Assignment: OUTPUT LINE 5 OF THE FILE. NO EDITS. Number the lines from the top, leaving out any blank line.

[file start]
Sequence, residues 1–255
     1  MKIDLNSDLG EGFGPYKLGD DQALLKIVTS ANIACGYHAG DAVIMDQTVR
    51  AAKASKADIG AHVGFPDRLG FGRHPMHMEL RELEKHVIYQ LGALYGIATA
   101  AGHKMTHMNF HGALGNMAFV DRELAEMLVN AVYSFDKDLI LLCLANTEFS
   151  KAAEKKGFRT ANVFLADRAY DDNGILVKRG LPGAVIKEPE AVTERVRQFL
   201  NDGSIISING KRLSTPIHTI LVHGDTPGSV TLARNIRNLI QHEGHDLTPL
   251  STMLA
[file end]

   151  KAAEKKGFRT ANVFLADRAY DDNGILVKRG LPGAVIKEPE AVTERVRQFL